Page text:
Opinion: Parliament only for the able-bodied
You'd expect the place where New Zealand's laws are made to have pretty good accessibility for those of us who aren't as able-bodied as we'd like to be.
But you'd be wrong to assume that. I didn't realise how unfriendly the corridors of power actually are when you're in a wheelchair, have limited mobility, or just can't use stairs.
I've been wheeling around the halls on a knee scooter for two weeks now, after I ruptured my achilles (I'm not made for netball, I discovered).
While there are some good facilities for those who are hearing impaired, or vision impaired, it's not the best place to get around if your lower limbs don't work.
It's fair to say I was entirely ignorant of mobility and accessibility before my injury and I assumed Parliament was pretty mobility-friendly, especially since it has a gold rating by social change initiative Be. Accessible, whose mission is to make all of New Zealand truly accessible.
But I've found it really hard to get around. There's no elevator to the press gallery, most of the doors don't have automatic opening, and most of them are narrow, heavy, and close quickly behind you.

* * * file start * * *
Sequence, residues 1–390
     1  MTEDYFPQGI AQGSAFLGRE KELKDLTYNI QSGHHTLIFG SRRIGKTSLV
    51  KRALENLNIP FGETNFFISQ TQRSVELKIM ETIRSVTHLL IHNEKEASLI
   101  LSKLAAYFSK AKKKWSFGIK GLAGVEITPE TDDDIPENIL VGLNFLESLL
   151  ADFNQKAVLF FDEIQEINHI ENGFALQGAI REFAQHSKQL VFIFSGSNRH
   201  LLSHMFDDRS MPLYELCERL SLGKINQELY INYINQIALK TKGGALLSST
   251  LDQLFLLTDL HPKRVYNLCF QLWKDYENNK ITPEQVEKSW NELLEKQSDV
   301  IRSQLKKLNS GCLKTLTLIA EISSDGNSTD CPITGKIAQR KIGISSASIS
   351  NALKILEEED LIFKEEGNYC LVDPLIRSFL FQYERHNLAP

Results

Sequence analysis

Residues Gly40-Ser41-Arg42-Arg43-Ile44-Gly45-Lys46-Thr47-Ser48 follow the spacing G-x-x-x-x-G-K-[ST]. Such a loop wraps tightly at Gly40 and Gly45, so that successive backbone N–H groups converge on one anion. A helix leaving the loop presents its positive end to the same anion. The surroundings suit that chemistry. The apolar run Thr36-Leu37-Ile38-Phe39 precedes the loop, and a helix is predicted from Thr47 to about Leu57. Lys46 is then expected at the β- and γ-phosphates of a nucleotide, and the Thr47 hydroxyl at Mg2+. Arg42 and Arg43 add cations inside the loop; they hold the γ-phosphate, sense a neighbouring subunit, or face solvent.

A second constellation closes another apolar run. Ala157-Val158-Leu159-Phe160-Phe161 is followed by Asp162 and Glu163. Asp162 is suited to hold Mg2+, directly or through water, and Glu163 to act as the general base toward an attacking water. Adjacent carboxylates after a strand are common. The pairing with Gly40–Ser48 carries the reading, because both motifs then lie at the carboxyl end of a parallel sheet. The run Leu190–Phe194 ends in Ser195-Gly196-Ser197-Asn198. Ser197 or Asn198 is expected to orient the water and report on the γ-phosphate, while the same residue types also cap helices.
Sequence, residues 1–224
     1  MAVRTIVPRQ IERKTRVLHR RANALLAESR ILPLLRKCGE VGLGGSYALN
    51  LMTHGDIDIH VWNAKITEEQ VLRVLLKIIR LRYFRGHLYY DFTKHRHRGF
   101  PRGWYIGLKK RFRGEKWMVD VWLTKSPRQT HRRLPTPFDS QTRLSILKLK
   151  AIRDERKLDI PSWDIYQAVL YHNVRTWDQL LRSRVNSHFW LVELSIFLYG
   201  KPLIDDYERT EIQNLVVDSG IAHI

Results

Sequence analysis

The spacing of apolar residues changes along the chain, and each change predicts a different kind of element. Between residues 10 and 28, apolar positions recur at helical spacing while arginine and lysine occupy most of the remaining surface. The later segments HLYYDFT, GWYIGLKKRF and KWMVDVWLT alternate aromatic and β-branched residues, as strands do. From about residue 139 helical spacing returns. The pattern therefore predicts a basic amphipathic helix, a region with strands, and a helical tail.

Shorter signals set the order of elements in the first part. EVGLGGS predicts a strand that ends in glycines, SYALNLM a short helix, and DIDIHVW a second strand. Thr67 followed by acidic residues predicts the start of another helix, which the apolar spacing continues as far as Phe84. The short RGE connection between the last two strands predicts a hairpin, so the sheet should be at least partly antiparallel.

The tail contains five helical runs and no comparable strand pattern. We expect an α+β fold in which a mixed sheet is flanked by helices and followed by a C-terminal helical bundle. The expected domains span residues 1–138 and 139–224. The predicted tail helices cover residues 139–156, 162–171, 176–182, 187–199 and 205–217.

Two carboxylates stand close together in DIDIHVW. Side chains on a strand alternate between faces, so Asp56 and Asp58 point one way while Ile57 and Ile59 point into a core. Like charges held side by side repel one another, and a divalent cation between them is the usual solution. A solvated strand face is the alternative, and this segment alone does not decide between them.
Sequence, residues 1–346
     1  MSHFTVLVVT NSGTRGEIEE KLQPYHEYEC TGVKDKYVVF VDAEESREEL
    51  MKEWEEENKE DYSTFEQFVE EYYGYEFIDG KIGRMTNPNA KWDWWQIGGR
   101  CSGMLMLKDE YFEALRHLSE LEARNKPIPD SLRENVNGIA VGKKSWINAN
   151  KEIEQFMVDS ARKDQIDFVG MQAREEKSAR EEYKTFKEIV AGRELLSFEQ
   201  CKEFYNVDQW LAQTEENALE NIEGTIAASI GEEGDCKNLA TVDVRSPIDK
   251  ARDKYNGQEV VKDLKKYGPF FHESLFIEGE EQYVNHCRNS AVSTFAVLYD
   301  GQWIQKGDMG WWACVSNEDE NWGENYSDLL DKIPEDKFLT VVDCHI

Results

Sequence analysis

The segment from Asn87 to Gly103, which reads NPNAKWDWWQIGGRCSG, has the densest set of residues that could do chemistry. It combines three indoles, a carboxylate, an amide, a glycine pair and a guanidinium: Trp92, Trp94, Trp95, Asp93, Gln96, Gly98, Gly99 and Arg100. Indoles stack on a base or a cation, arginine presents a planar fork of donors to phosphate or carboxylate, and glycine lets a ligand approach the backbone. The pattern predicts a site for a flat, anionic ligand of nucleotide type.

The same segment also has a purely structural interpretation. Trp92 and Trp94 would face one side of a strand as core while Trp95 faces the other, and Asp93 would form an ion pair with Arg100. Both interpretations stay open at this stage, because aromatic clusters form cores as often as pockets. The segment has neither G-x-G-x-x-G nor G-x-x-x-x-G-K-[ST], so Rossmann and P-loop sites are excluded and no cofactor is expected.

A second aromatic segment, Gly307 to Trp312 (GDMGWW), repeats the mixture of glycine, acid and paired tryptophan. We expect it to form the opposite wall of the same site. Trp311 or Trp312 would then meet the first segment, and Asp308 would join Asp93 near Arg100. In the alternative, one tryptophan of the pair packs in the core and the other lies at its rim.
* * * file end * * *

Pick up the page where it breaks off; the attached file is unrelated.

The elevators in Parliament House are tiny and I can barely get in there with the scooter. It must be on a diagonal. Getting out is even harder. I've resorted to reversing the scooter in.
Most of the toilets close to the press gallery aren't equipped with handrails or bigger stalls (I'll let you use your imagination) and the closest accessible restroom is at the bottom of the stairs, which doesn't have an elevator.
To get there, I have to travel across to Parliament House, down the whips' corridor, over the bridge into the Beehive, into the elevator, down to ground floor, out into reception, down the corridor to the Museum Street entrance, and into the accessible toilet by the gym.
It's probably good to point out here that the more you travel, the more static electricity you build up, meaning every door handle, elevator button, and swipe point that I touch, I get an almighty electric shock. (I've tried to prevent this by taping a chain of paper clips to the bottom of my scooter, with limited success. A car static strip is yet to prove its worth too).
Don't get me wrong, I'm lucky in many ways. I've certainly got it easier than those who don't have a knee scooter and are resigned to crutches or a walking frame, and those whose mobility restrictions aren't temporary.
But next time you're out and about, have a look around and see if your surroundings are mobility friendly. Is there an elevator? Or stair lift? Are the ground surfaces smooth? Are the doors easy to get through? Are the bathrooms accessible? Sizable?
City planners have a lot to answer for as well: steep curb crossings, non-existent curb dips unpaved pathways in parks, potholes, uneven cobblestones, uneven pavement, no pavement, the list goes on.